In the blink of an eye, Korie Lucious put the team on his back as he fired from the top of the arc. Everything seemed to stand still except the ball that was spiraling in motion.
Ball in. Game over. Season continues.
After Maryland had taken the lead on a basket by star player Greivis Vasquez, Michigan State coach Tom Izzo decided not to call a timeout with about seven ticks left in the game. Draymond Green dribbled it up, threw a pass to point guard Korie Lucious who took a dribble to his left and put up a shot that would end one team’s season.
Luckily, it wasn’t his.
“March Madness” has been the moniker for the NCAA tournament for as many years as I can remember, and it is games likes these that make the phrase perfectly suitable for the occasion.
The waning seconds don’t even give the game justice.
A buzzer-beating three to advance into the Sweet 16 is a story in itself, but it was how the game got to that point.
Starting point guard and All-Big Ten player Kalin Lucas went out late in the first half with an Achilles injury. Starting guard Chris Allen also was out with an injury.
Even with key players missing and bench players accumulating big minutes they weren’t used to, the Spartans built a lead of up to 16 points at one moment in the game. It seemed like a dominating performance; that was, however, until the Terrapins got desperate.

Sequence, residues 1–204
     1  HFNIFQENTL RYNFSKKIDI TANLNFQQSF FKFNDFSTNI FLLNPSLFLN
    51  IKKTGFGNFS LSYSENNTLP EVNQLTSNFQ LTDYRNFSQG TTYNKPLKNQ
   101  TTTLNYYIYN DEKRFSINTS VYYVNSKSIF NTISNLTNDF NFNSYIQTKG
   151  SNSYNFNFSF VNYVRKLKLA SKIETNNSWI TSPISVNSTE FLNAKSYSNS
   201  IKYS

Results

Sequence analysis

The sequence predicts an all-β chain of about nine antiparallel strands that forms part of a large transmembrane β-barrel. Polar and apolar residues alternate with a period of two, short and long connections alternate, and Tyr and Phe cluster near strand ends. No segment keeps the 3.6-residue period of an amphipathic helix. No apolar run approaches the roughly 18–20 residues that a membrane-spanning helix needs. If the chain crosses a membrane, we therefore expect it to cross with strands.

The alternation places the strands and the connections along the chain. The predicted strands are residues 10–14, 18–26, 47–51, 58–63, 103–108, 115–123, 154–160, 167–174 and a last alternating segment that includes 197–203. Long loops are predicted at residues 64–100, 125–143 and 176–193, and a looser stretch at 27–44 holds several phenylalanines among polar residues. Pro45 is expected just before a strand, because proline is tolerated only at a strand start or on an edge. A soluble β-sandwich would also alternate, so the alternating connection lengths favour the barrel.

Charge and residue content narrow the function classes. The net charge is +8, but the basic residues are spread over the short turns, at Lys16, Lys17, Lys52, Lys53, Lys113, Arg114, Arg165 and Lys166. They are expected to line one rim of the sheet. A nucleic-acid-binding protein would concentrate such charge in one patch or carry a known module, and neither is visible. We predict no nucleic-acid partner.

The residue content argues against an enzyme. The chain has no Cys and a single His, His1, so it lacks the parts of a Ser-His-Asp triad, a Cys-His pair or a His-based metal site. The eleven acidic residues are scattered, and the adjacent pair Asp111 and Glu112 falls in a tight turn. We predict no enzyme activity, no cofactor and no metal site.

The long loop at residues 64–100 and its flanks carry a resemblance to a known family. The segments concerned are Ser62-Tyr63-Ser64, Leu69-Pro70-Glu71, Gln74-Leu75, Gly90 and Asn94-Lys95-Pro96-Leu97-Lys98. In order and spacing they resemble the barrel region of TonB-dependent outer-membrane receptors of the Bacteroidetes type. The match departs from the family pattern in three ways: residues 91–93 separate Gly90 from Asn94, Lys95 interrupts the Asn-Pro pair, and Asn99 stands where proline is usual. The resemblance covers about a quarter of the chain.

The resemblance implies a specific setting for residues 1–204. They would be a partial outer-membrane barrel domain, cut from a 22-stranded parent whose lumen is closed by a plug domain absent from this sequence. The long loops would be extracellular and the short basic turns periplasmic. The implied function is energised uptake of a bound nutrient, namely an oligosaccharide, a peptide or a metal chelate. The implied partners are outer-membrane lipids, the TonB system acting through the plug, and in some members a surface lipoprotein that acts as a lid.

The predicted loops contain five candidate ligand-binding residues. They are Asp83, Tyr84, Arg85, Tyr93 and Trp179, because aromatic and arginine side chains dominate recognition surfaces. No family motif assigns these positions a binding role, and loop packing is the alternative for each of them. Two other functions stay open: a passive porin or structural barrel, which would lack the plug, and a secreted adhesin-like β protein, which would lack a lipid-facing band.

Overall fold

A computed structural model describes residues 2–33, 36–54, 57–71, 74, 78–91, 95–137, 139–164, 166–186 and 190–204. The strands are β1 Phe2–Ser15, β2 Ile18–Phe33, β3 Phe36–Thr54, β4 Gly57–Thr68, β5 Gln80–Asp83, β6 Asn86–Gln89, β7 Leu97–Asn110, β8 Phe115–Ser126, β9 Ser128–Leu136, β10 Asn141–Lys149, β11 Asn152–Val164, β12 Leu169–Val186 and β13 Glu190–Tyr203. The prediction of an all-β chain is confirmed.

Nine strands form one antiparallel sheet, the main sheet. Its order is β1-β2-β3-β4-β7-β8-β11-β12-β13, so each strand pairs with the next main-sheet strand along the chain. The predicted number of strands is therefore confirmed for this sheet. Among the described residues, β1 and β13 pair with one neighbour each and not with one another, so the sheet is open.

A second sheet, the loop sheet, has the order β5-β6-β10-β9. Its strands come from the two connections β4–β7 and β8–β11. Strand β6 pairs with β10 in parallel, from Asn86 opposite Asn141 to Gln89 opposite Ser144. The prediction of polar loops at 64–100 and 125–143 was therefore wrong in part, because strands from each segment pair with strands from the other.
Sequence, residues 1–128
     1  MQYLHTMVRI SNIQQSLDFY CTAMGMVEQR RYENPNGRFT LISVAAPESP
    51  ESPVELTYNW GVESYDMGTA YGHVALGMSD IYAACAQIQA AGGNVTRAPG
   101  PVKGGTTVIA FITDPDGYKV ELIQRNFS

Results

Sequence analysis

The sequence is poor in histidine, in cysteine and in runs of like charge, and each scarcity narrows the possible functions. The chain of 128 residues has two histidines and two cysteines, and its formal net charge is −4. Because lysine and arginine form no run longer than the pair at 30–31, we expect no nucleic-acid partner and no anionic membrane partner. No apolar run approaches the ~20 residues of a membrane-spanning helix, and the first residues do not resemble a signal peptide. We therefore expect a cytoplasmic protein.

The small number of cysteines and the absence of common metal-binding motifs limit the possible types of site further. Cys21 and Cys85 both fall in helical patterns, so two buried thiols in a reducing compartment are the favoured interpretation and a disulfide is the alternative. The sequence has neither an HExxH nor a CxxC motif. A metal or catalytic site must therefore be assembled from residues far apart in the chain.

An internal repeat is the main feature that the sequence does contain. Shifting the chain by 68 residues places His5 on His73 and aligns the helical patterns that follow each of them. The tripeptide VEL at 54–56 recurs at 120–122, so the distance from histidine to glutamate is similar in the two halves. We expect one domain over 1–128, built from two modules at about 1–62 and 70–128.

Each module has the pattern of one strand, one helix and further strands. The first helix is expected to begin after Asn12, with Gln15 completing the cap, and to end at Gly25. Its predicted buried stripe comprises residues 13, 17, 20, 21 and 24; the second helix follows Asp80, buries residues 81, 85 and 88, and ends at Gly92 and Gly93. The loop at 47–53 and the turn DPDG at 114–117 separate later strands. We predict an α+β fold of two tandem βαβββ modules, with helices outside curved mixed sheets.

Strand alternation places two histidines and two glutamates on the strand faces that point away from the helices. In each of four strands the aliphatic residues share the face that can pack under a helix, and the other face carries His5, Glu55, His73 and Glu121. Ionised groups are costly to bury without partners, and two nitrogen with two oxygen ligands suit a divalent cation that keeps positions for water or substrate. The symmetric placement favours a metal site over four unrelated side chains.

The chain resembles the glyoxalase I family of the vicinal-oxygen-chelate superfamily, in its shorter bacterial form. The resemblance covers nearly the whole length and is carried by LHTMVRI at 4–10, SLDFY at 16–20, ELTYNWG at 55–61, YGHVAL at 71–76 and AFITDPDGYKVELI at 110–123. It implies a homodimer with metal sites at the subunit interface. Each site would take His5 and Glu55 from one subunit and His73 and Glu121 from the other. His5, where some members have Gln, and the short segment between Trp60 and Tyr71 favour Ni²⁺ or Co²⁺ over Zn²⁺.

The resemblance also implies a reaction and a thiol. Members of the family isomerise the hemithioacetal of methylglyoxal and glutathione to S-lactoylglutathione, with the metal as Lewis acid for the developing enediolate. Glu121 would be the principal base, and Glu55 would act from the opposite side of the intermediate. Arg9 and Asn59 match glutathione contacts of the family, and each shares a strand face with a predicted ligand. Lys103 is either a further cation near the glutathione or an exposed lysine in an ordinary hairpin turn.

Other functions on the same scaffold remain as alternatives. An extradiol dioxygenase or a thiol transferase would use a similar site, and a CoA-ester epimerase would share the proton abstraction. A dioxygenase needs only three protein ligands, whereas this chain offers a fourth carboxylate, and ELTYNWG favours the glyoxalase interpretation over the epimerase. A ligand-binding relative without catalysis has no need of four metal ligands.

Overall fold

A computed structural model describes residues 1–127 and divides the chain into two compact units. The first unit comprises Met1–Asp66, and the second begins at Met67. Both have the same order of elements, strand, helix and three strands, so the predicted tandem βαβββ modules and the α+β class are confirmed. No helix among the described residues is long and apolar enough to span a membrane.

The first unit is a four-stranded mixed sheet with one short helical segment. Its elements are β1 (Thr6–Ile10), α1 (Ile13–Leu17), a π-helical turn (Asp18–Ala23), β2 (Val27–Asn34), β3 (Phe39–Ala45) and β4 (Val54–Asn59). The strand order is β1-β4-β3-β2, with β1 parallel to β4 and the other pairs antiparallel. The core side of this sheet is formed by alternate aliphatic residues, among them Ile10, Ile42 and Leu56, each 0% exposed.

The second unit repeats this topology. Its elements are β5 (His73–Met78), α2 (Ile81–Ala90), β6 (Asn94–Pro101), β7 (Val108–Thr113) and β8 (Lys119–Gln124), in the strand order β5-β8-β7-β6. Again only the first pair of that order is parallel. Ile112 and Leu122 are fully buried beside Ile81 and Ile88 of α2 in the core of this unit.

And when teams get desperate, they will do anything to win.
Maryland began to press extremely hard, stealing passes that led to easy buckets. Vasquez was making big shots to will his team back to contention—and quite possibly even victory.
Then it happened.
Maryland had come back from the double-digit deficit and even took the lead. A large margin of defeat almost turned into the Terrapins’ biggest moment of victory—all before Lucious took the ball and deemed himself as the one who would bring Spartan nation back from defeat.
It was a shot that will be remembered for generations by the green and white, and probably for those who just love the drama of sports.
As for Lucas’ injury? Well, Michigan State may just have to add another chapter to what might be another magical run.
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